The Painted Veil

  by: Somerset Maugham
Audio book version

How does a man live like a demon and write like an angel?

Somerset Maugham's has always confounded me. I remember my introduction to him, which, oddly enough, was due to the movie version of The Razor's Edge. With Bill Murray, of all people, cast as the trouble, soul-searching WWI war veteran who finally reaches the stunning - in fact, tear-producing - understanding that there are no guarantees in life, and that the good you do must be done for its own sake - the movie could easily have been laughable. But somehow, and I believe it is because of the sheer strength of Maugham's writing, the film was splendid, and even Murray came across as believable and real.

Not too long after that, a friend presented me with a stage script which he had written, proposing that I play the much-abused wife of the troubled Somerset in his stage bio of the writer. As it happens, the play never was produced, but I was to learn that Maugham was an intriguing, disturbing, and evidently disturbed character.

Gay, or at least bisexual at a time when admitting such a thing was social suicide, Maugham was orphaned at a relatively early age (about 10), and by then the boy was already traumatized by the 2-years-earlier death of his mother. Whether this event influenced his later life, he was clearly a bisexual who some believed enjoyed both giving - and getting - beatings to/from his lovers.

He had an early homosexual relationship with an older man, yet some years later an adulterous affair with a woman with whom he had a child. Some claim this woman, Syrie, was a venal, nasty, gold-digging shrew; others that he treated her with merciless coldness and threw his affair with the much younger - and by all accounts somewhat low-rent Gerald Haxton - in her face, humiliating and hurting her.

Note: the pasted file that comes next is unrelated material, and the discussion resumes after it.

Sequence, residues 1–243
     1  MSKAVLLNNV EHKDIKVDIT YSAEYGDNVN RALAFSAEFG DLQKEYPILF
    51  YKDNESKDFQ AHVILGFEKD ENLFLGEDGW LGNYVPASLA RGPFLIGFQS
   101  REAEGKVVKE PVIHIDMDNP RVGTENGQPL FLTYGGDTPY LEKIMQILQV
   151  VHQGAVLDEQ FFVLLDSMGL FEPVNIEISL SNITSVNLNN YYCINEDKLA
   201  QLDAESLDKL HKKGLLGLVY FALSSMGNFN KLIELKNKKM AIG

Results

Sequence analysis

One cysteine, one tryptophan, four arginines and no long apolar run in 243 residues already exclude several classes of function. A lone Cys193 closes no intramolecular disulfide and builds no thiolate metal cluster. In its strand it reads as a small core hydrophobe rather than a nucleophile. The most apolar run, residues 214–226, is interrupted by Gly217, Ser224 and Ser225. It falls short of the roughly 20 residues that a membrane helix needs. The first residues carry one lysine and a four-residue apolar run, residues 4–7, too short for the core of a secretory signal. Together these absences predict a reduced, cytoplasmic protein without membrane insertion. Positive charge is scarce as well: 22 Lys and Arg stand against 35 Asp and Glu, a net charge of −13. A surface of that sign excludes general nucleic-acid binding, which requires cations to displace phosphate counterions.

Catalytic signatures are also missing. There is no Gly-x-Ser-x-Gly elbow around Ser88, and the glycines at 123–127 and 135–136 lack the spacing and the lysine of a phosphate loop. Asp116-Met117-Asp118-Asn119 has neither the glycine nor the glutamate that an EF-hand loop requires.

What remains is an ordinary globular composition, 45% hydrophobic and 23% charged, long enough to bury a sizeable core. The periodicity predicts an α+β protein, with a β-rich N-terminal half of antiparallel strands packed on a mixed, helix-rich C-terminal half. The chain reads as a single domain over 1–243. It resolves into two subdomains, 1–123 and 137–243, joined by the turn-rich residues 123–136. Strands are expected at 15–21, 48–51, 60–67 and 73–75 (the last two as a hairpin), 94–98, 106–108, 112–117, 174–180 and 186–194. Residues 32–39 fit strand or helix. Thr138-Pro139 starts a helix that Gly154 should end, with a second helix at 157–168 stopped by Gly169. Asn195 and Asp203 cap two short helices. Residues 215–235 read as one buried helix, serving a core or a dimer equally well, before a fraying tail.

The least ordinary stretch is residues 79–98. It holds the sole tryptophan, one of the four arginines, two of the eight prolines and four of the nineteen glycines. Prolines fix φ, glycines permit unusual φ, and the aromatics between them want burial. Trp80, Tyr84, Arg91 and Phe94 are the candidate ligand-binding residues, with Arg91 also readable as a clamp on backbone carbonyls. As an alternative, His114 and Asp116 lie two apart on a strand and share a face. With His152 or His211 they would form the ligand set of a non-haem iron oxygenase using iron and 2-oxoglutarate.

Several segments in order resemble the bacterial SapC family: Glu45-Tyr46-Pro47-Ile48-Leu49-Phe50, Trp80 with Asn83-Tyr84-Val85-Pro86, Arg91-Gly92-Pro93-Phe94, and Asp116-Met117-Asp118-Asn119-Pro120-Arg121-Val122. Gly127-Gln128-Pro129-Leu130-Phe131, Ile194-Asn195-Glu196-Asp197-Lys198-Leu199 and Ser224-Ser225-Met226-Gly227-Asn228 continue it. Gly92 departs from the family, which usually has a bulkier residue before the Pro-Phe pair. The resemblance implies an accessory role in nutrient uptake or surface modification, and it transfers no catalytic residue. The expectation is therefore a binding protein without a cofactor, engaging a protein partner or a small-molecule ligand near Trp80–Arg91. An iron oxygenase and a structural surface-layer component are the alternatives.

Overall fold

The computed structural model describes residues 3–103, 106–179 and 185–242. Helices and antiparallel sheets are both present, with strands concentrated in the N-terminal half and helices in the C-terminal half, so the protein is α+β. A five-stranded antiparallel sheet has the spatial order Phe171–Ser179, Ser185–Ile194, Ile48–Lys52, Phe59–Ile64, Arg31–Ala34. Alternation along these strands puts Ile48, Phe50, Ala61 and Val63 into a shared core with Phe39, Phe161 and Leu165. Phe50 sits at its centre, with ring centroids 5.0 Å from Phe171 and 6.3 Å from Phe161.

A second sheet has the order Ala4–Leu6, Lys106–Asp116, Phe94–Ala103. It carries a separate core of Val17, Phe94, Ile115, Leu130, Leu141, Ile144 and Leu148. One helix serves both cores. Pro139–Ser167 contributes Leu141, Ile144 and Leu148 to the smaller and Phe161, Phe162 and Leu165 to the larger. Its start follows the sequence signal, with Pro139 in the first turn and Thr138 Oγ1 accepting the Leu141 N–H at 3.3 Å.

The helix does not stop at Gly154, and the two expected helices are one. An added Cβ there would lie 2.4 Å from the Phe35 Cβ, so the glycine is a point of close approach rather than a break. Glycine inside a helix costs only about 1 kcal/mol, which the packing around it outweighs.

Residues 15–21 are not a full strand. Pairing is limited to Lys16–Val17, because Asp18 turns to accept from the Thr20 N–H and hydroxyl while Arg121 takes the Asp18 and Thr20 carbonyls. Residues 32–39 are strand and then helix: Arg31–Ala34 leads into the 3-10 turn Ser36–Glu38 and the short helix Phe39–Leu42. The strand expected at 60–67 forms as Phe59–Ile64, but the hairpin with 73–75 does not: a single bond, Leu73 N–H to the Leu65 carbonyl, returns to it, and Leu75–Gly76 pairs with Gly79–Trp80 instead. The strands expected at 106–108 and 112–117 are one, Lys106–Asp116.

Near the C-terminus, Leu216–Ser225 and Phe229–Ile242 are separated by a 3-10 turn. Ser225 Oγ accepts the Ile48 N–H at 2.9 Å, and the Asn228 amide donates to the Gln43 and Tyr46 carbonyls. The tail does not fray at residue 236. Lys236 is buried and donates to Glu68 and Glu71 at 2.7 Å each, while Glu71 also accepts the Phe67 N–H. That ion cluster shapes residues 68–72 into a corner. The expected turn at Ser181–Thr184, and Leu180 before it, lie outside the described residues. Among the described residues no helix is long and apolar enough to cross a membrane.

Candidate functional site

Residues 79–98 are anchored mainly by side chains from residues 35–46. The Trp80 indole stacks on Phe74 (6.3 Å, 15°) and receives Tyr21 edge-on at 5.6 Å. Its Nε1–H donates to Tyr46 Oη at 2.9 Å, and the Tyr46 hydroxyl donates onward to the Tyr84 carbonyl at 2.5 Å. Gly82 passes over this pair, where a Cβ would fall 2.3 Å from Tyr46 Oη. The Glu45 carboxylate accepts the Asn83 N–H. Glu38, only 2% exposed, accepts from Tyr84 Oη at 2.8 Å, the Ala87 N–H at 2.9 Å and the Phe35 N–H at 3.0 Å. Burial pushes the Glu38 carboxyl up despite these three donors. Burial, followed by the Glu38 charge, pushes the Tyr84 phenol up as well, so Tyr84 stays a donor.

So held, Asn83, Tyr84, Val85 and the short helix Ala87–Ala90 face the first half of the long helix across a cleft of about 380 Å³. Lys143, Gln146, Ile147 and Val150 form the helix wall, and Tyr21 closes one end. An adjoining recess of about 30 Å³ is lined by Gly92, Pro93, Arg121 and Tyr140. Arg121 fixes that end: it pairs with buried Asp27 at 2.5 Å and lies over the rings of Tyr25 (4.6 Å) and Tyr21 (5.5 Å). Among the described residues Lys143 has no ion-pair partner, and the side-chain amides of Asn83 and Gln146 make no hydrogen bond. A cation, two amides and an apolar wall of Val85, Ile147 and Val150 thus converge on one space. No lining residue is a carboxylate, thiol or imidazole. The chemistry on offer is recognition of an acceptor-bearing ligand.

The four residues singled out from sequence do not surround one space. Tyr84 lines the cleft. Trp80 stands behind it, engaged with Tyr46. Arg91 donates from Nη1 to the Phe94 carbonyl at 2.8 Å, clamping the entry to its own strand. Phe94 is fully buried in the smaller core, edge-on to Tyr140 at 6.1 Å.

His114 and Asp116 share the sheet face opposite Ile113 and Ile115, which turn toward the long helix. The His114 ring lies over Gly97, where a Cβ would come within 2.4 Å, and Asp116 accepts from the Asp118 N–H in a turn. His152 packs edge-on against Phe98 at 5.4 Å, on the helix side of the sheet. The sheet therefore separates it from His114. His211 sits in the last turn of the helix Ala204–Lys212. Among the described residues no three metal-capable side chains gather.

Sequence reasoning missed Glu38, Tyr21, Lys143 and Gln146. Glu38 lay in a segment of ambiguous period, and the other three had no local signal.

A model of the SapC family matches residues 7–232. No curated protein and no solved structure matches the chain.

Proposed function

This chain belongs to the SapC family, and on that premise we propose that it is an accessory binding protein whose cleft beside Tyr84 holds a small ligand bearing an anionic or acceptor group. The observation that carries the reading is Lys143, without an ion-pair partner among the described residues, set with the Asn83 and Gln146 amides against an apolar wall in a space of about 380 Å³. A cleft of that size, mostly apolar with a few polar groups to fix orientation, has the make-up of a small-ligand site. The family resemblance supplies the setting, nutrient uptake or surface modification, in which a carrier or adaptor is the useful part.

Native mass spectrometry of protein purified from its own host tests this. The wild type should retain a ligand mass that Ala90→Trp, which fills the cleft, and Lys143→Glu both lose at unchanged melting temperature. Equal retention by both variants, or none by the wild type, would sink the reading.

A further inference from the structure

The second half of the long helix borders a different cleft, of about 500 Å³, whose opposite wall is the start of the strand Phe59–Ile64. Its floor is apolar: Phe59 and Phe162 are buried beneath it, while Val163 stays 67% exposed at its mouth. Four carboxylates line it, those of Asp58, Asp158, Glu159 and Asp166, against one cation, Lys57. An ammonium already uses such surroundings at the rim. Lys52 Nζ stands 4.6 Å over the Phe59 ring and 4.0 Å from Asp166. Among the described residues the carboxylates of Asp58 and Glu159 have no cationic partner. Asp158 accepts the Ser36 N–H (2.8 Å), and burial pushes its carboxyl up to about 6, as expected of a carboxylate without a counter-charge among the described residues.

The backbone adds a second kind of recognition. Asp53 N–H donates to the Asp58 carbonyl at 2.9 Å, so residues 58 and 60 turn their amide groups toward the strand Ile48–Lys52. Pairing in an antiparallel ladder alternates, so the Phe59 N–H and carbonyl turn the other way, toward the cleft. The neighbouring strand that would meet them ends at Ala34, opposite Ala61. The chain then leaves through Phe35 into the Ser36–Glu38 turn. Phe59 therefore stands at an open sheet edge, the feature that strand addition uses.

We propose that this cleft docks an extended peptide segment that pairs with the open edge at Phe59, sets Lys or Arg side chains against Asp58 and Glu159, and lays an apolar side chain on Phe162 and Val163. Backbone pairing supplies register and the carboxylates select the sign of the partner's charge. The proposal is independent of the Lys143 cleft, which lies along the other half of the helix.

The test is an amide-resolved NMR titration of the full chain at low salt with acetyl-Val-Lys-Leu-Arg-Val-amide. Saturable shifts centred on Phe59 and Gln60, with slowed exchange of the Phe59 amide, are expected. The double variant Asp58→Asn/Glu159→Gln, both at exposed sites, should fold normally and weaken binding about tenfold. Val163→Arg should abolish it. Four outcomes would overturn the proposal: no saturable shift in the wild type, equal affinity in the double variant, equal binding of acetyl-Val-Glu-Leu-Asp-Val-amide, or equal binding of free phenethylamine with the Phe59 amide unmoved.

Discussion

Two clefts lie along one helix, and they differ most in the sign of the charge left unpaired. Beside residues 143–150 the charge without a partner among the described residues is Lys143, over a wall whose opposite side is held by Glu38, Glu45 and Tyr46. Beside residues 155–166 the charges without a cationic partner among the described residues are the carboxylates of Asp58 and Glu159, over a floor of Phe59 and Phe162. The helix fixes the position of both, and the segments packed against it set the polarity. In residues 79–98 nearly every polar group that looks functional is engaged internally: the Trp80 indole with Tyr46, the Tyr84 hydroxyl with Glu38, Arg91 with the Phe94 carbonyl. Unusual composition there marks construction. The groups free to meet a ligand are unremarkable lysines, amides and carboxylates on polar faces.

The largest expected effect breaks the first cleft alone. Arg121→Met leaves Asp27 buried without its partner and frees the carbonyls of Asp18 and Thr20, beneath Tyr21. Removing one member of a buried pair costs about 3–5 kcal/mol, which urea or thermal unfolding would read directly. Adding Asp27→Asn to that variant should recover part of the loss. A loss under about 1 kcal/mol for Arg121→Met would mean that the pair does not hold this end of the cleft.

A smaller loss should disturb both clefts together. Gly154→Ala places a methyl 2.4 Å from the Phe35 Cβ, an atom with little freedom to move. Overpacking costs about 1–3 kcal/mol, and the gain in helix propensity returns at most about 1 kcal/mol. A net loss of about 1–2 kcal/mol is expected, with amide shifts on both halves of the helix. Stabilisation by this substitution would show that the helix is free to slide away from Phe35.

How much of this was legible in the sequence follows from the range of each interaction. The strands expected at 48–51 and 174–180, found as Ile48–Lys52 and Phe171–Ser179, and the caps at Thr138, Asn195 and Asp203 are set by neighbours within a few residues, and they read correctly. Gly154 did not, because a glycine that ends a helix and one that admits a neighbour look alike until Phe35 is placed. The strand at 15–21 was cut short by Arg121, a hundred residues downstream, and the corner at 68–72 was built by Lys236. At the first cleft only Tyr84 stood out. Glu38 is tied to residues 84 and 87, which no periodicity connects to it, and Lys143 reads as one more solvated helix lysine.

There is also some debate as to whether he enjoyed the thrashings Haxton is said to have delivered, yet they remained a pair until Haxton's death - in an alcoholic ward, whereupon Maugham took up with yet another male lover with whom he remained until his death.

While some of the details of his life might not, in this day and age, have been so sordid - he could have openly enjoyed his bisexuality, for example - it still seems apparent that Maugham was a troubled, and troubling, man.

Intended to follow in the family practice of law, he instead tried a number of things, finally settling on a medical career, which he never really practiced, but which did inform much of his writing. He himself credits a great deal of the insight he had into the human heart with being present at the bedside of those in the throes of life's most powerful moments.

While I became, and remained, a fan of The Razor's Edge, I had never read The Painted Veil. Again, I saw the movie, and, with powerful performances from the always-amazing Ed Norton and Naomi Watts, I was an immediate fan.

Now that I have listened to the book, I realize that, once again, they probably could have cast Tina Fey and George Burns in the lead roles and still have ended up with a stunning movie.

Maugham is that good.


Because he has an uncanny understanding of the human heart.